Hunger, though often invisible, affects everyone. It impacts people's physical, mental and emotional health and can be a culprit of obesity, depression, acute and chronic illnesses and other preventable medical conditions. Hunger also hinders education and productivity, not only stunting a child's overall well-being and academic achievement, but consuming an adult's ability to be a focused, industrious member of society. Even those who have never worried about having enough food experience the ripple effects of hunger, which seeps into our communities and erodes our state's economy.

Community resources like the Supplemental Nutrition Assistance Program (SNAP), formerly known as Food Stamps, exist to ensure that families and individuals can purchase groceries, with the average benefit being about $1.40 per meal, per person.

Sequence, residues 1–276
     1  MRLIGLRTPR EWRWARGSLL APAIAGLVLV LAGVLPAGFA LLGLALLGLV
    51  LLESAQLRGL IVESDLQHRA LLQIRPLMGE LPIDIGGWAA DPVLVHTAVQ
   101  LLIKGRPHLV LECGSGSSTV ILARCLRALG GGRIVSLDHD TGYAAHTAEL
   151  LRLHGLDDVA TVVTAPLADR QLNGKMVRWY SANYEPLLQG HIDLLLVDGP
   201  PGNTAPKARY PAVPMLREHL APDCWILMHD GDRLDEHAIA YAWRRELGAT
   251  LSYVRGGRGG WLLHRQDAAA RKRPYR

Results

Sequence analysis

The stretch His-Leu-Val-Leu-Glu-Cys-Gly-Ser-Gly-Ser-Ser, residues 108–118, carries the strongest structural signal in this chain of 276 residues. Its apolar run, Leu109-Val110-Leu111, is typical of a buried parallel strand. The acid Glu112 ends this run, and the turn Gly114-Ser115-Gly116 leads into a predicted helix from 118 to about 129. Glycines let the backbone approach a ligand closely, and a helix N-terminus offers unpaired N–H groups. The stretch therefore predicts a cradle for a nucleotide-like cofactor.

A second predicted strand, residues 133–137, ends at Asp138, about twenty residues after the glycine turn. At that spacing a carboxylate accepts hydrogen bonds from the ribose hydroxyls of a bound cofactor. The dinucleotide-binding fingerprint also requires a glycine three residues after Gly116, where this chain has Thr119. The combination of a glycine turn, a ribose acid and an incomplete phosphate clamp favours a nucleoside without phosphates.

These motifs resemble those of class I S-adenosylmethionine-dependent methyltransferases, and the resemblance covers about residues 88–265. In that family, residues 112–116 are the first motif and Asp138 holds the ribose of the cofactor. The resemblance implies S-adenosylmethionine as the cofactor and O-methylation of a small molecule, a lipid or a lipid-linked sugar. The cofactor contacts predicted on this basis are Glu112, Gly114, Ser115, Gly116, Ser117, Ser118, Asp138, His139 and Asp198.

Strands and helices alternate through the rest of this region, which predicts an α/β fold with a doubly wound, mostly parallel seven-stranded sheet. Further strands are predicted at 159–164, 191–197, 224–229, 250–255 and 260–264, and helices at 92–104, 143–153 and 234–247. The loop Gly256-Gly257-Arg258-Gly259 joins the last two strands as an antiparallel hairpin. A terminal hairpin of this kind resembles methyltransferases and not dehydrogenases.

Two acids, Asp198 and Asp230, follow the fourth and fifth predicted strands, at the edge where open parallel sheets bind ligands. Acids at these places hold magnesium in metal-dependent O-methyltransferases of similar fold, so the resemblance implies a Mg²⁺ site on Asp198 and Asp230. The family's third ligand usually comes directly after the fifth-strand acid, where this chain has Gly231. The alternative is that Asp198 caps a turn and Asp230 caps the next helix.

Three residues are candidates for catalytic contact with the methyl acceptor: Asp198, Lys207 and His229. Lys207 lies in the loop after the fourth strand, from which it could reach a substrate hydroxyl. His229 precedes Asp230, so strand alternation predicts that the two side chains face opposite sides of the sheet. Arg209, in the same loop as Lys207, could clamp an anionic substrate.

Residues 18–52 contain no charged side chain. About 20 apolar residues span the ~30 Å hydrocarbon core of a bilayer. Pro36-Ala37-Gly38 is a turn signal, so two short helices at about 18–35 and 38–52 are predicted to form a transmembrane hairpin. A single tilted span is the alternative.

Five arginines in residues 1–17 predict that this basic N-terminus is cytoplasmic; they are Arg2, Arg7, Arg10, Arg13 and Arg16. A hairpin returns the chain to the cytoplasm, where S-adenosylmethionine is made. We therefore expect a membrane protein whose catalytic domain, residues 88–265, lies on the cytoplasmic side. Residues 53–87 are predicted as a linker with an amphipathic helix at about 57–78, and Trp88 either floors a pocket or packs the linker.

Funding for SNAP comes from the USDA, but the administrative costs are split between local, state, and federal governments. Yet, the lack of investment in a strong, effective SNAP program impedes Colorado's progress in becoming the healthiest state in the nation and providing a better, brighter future for all. Indeed, Colorado ranks 44th in the nation for access to SNAP and lost out on more than $261 million in grocery sales due to a large access gap in SNAP enrollment.

See the Food Assistance (SNAP) Benefit Calculator to get an estimate of your eligibility for food benefits.